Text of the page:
and macroeconomic models of the financial sector
Speaker(s): Jochen Kienberger (Allianz Global Life dac)
The latest financial crisis sparked a vivid debate about financial regulation and systemic risk. The general public, as well as academic debate, seemed to mainly focus on the role of banks and sometimes even neglect the role of other financial institutions; especially in the immediate aftermath of the crisis. From an insurer's point of view there have been some strong cases made on the distinction between banking and insurance with regard to systemic regulation, in particular, by Thimann(2014) and Elliott(2013). The presentation argues that the macroeconomic view of systemic risk should be a core interest of life actuaries as the debate can strongly influence possibilities on the investment and product development side. Recent examples are:
(1) The EU action plan for a Capital Markets Union includes plans to recalibrate the Solvency II Standard Formula for Private Equity and Debt. This is driven by the macro-economic target to make more long term financing sources available for private companies in the EU and for them to be less dependent on the banking sector for corporate financing; as is already the case in the US.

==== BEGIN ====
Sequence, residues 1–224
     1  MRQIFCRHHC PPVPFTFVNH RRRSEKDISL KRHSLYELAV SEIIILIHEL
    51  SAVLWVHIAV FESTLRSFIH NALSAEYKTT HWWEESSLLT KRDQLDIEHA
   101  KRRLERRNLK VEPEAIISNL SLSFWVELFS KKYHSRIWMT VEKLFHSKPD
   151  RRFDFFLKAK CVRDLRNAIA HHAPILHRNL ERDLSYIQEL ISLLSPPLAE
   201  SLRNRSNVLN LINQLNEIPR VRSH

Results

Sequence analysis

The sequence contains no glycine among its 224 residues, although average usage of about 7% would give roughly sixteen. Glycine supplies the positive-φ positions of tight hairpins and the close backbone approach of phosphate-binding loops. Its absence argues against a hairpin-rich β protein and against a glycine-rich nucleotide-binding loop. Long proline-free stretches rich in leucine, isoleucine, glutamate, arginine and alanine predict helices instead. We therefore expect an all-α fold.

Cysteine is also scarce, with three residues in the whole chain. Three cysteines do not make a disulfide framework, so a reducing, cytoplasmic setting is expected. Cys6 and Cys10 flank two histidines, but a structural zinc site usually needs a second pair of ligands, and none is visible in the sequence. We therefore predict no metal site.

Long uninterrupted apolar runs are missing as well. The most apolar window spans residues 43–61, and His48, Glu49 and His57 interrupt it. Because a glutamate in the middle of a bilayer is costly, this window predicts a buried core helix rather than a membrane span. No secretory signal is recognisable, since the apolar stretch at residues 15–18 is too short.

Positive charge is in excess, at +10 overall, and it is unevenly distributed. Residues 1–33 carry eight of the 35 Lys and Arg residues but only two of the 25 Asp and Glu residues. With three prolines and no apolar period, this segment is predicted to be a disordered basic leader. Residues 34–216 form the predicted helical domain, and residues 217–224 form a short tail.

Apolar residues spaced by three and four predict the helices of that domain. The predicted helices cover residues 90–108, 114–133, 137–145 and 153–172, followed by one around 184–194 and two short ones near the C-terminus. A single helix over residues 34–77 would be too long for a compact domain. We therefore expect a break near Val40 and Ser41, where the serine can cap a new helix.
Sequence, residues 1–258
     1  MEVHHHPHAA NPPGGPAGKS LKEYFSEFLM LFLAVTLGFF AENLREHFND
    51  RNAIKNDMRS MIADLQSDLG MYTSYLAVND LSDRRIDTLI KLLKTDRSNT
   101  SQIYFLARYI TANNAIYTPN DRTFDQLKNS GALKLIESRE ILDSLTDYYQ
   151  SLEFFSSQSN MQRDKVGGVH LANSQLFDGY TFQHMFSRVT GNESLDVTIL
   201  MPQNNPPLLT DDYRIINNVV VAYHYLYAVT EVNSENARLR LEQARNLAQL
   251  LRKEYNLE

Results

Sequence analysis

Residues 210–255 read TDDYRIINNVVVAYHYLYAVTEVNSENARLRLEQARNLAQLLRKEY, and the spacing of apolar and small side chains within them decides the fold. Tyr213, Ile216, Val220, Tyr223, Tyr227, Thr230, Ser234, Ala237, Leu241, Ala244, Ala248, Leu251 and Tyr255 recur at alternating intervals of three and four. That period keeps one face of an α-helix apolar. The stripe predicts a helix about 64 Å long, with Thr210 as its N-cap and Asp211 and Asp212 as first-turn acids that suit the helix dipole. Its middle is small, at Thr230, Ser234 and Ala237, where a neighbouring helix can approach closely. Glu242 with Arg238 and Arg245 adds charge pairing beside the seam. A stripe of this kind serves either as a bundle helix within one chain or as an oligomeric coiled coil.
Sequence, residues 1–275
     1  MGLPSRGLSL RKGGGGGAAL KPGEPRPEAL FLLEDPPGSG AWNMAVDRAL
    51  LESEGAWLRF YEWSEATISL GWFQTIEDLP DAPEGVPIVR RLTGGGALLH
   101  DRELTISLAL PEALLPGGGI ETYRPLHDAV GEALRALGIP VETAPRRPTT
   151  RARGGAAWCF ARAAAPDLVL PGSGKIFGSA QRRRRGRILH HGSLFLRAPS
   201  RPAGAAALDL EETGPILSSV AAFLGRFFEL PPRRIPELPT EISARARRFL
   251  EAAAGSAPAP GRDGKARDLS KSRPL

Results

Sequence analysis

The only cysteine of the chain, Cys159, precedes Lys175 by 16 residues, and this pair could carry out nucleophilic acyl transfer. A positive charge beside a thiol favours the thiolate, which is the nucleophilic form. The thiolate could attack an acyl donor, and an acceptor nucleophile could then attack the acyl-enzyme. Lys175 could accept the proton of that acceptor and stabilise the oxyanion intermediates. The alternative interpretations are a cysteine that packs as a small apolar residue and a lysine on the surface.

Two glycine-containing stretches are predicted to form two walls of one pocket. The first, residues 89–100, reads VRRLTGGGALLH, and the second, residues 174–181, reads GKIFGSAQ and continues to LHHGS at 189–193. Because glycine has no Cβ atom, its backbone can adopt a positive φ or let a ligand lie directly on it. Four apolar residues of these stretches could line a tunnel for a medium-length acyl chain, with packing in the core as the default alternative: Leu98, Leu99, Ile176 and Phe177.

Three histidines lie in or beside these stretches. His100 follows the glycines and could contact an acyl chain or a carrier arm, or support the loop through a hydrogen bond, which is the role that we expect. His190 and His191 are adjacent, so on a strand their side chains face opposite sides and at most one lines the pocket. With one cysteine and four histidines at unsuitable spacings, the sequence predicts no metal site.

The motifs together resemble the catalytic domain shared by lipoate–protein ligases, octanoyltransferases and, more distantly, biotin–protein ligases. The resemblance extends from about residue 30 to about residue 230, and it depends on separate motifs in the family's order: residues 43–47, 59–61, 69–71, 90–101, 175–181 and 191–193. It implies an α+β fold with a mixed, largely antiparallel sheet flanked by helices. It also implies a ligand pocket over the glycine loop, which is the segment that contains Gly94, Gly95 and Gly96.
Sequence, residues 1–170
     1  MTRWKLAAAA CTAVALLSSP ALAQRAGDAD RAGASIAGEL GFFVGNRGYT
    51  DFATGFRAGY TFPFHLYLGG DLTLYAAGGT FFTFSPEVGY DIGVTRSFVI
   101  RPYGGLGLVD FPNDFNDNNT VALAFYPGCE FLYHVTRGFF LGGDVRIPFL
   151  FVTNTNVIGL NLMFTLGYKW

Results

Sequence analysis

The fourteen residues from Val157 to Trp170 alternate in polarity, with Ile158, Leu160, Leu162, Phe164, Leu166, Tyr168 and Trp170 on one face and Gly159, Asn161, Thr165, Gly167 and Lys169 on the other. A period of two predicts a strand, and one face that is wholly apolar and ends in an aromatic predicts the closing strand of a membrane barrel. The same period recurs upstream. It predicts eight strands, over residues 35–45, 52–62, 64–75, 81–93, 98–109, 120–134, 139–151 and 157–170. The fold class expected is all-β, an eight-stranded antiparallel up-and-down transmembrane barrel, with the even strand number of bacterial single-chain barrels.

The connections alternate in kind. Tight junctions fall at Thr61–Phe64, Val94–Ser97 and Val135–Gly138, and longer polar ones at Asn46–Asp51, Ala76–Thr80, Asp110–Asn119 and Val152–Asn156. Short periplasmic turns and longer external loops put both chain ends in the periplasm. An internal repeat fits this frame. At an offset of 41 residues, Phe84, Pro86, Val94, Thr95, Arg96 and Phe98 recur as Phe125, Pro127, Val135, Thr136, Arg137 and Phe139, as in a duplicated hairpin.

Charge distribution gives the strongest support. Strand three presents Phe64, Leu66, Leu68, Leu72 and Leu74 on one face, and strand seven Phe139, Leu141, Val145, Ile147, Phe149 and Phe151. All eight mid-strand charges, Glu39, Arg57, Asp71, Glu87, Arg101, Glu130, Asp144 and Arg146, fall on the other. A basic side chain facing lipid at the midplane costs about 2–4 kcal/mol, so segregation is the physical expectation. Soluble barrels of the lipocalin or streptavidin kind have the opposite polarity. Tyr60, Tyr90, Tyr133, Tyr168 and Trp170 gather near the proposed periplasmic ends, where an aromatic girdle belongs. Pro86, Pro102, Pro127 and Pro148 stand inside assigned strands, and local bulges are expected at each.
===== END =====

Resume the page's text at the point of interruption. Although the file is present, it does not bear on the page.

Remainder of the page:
(2) The proposal of Sovereign Bond Backed Securities to introduce a safe asset in the Euro zone.
Furthermore, the presentation aims to propose how actuarial research may be able to contribute to the macroeconomic discussion. Based on existing literature, there does not seem to be a macroeconomic model of the financial sector that includes several financial intermediary types (i.e. banks, life insurers and pension funds) and models their interconnectedness as well as their relationships to households. A brief review of new approaches to macro-economic modelling (e.g. agent-based models) will show the increased complexity of modern models. This complexity may open the door for actuarial researchers to contribute through interdisciplinary work towards some progress in this interesting research area.